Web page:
Over at Andrew Brietbart's Big Hollywood, blog editor John Nolte will soon begin a countdown of the "Top 25 Greatest Christian Films." Readers submitted their nominations, which Nolte winnowed to 100 for his viewing list. Starting in March, he'll be reviewing the films in ascending order, ending with his pick for No. 1 on Easter weekend. Some of the nominations are quirky, to say the least. Dogma and Elmer Gantry strike me as anti-Christian, while A Man for All Seasons and Friendly Persuasion are celebrations of good character that don't necessarily depend on a Christian context. As for The Life of Brian . . . huh?
It made me start thinking, not for the first time, about what makes a "Christian film," or what makes a film Christian. Is it good morals with a nod toward God (e.g., It's a Wonderful Life)? A story from the Bible (The Ten Commandments)? Or a story that reflects biblical truth without explicit reference to Christ or doctrine (Lord of the Rings)?
Truth is truth, and any story that illuminates the gospel, even if in a purely secular context, is worth telling. But the gospel also has to be preached, and preaching is the death of art. That is, the life of Jesus told on film may move the viewer to sympathy, sorrow, revulsion, or any number of emotions, but without a clear exposition of why He came and what His death and resurrection meant, it's just a story. Any conversion tale operates on the same principle: Even unbelievers can sympathize with Caleb Holt (Fireproof) or Cadi Forbes (The Last Sin Eater), but as soon as the Christian father or preacher start speaking the gospel, the story seems to fall flat. At least for those who don't believe it-at that point, "Fireproof stops becoming relatable to us all and only to the already, or easily, indoctrinated," wrote Ed Gonzales of L.A. Weekly.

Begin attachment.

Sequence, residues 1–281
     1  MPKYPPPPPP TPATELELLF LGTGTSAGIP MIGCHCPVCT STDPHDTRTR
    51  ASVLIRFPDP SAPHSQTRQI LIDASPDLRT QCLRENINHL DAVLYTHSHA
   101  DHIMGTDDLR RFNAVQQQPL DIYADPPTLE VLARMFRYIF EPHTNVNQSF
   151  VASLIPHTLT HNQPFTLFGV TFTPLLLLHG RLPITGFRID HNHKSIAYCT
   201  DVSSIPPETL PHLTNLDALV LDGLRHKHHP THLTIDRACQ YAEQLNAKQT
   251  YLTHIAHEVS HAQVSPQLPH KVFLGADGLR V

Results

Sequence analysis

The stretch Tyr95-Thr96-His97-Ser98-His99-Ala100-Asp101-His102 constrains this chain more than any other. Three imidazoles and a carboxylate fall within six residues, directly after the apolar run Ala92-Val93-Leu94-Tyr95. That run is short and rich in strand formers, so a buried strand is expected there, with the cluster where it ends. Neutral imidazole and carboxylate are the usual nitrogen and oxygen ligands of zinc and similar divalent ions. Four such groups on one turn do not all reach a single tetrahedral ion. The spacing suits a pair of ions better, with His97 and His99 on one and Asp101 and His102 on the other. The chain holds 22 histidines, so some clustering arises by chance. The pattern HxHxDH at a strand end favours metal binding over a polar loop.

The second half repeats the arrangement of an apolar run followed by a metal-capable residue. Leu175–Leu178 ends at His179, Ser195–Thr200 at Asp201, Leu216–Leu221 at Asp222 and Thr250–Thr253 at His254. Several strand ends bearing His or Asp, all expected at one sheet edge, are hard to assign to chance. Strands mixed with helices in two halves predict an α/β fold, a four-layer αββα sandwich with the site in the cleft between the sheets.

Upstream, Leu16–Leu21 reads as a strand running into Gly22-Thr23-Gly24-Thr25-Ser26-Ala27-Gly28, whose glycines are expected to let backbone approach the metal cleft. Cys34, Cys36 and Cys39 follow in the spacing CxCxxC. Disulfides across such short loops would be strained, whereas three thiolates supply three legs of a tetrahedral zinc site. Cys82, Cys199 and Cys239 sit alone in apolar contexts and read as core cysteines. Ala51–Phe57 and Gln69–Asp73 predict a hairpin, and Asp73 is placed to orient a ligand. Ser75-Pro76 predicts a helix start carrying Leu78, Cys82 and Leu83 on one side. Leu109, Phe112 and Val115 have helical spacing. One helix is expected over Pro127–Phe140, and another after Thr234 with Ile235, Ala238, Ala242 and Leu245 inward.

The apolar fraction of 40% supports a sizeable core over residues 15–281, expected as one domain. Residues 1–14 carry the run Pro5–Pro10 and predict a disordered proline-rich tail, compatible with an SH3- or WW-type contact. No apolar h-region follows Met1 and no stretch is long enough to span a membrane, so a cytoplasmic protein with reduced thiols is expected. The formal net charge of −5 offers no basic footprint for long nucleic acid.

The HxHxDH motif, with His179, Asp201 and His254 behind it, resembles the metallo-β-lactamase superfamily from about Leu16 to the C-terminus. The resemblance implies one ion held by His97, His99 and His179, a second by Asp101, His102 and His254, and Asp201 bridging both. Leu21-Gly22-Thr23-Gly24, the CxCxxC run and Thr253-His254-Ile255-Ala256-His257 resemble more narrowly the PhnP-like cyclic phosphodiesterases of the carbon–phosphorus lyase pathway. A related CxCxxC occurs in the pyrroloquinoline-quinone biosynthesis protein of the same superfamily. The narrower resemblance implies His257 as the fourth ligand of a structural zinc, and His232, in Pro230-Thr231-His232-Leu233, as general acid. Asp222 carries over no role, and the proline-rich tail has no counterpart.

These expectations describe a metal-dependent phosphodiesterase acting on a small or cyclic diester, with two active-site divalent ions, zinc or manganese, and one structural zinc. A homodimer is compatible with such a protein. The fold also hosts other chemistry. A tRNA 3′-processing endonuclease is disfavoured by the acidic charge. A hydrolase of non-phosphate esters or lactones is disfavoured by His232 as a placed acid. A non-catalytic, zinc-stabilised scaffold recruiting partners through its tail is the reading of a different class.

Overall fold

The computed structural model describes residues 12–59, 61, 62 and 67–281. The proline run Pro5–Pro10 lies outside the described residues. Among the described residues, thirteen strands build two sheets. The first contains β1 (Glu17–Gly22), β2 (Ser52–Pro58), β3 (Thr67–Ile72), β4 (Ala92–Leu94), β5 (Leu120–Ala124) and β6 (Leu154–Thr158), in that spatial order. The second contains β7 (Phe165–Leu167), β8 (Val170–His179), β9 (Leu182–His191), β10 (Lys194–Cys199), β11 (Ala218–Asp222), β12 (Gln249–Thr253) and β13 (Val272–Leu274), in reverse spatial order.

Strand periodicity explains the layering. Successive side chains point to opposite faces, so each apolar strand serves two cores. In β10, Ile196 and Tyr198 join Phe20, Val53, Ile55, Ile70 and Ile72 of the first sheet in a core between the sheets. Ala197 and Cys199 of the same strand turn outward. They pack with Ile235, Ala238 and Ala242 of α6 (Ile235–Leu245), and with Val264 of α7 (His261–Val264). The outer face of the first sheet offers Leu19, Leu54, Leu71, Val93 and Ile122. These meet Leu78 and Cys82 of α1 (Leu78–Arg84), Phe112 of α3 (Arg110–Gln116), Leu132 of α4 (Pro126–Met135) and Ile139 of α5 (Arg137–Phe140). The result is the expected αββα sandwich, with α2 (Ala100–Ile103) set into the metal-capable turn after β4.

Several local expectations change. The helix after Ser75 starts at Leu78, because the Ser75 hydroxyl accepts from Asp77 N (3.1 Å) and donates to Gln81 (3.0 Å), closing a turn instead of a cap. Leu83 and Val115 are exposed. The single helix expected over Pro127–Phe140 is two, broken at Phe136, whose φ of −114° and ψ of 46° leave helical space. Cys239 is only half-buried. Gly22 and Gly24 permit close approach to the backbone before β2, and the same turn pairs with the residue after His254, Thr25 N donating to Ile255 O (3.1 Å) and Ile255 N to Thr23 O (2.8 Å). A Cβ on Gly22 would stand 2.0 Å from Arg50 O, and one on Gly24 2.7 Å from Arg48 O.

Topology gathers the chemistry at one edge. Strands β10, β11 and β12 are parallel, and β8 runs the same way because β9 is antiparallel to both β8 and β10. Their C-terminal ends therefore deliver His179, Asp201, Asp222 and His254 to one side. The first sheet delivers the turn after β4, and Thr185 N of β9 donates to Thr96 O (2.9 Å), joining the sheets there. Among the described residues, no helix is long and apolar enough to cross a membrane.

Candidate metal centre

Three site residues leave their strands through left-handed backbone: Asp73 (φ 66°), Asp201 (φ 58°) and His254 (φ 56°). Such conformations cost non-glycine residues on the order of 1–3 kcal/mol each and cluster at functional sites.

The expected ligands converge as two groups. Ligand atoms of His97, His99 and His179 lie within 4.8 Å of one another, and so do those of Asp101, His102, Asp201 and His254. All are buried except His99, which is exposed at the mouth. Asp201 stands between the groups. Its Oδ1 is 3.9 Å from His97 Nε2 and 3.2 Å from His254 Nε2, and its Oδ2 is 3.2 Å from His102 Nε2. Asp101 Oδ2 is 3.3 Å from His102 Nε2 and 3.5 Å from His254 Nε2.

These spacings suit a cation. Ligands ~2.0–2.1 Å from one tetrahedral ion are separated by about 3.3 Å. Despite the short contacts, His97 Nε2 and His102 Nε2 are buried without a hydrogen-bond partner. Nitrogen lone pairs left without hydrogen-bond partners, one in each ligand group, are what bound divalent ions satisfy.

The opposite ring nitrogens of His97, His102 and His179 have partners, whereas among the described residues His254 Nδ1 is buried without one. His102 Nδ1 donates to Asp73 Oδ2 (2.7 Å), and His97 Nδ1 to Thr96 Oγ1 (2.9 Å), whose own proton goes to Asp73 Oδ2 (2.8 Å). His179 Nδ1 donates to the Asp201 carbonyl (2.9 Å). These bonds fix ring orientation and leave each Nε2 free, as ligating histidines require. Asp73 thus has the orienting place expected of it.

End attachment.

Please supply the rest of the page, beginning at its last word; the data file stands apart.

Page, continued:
That's not to say the Holy Spirit can't work through a story-in fact, He works through "The Greatest Story Ever Told"-but art can't preach, and preaching seems to be God's method of choice for communicating the gospel. That leads me back to the original question: can a film be "Christian"? If so, how?